Contact the other parties insurance company and hope that they have uninsured motorist coverage which will not help you in any way except that the person you hit will be paid for all damages you did and you will be able to work out a payment plan in order to repay the insurance company for these losses plus interest. Maybe this will keep you out of jail. Depends on your state laws in that matter. In most cases I have seen you will loose your drivers license until this is paid in full. Perhaps if you show the judge that you have done this they will issue you a permit to drive back and forth to work.
If the drive is not found, your insurance will have to cover the damages. When the guy is found, press charges and sue him for damages.
Having insurance in general is important; auto insurance especially. Not only is it illegal to drive without auto insurance, but if a person were to get into a car accident, he/she would have to exchange insurance information with the other person involved in the accident. A hefty fine can follow if he/she does not have insurance. The insurance will pay for the damages done so that he/she does not have to pay out of pocket. The same goes for homeowners' insurance. If damages are done to a person's house, then the insurance will pay for the damages. Overall, it doesn't matter if it is 21st Century Insurance or another insurance company. Insurance is very important to have.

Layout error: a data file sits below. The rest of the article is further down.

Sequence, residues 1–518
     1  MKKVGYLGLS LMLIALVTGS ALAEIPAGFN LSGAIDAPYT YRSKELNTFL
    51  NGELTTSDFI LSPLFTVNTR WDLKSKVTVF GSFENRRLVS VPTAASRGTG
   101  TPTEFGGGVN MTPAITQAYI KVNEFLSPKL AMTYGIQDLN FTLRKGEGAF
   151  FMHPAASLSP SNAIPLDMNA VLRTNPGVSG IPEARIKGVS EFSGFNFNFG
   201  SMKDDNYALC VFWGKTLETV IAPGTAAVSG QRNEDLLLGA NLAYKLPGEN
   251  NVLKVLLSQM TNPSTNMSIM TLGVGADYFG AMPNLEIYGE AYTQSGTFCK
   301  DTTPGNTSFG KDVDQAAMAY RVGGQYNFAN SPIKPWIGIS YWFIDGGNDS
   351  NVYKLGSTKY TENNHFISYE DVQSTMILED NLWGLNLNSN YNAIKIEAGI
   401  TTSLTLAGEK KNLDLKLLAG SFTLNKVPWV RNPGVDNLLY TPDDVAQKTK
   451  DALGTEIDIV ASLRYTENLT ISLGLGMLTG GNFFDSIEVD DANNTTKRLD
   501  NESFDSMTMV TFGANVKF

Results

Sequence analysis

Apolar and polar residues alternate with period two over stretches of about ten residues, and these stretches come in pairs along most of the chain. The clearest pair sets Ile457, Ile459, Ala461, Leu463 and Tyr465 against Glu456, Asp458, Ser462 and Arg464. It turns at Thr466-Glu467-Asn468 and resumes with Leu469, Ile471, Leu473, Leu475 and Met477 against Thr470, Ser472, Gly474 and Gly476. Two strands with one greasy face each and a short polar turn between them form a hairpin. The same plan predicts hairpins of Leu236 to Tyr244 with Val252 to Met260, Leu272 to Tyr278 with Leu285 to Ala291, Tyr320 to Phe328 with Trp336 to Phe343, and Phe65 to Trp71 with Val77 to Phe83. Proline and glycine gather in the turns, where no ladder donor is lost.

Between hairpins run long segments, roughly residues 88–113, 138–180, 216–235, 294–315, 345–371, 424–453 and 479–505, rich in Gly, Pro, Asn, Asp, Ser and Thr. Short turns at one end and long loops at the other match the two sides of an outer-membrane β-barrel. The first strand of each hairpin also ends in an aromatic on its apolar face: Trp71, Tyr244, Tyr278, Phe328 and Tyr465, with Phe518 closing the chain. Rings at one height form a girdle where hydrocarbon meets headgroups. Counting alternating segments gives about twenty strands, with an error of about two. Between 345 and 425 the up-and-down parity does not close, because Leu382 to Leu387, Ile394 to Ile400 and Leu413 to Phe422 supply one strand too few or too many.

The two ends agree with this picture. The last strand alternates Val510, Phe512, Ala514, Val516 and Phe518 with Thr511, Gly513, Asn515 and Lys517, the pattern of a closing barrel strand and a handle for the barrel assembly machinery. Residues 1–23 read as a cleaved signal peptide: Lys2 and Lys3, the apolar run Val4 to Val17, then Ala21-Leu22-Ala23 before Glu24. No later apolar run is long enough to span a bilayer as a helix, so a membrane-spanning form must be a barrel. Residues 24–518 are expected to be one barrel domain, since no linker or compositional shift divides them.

Insurance is supposed to return the car to the condition it was before it was stolen.
== == In the event that you got into a car accident and it was not your fault but the other driver's, if he is insured, his insurance company is liable to pay for the damages of your vehicle. On the other hand, if the other driver is not insured, your own insurance company, provided you have a policy regarding uninsured or underinsured drivers, will be responsible for the damages your vehicle has incurred. They however, may have a right of action against the person responsible for the accident. The person who caused the damage to your vehicle is ultimately responsible for the damage to your vehicle regardless of whether there is an applicable insurance coverage or not. Whether you actually have the repairs done is none of their business.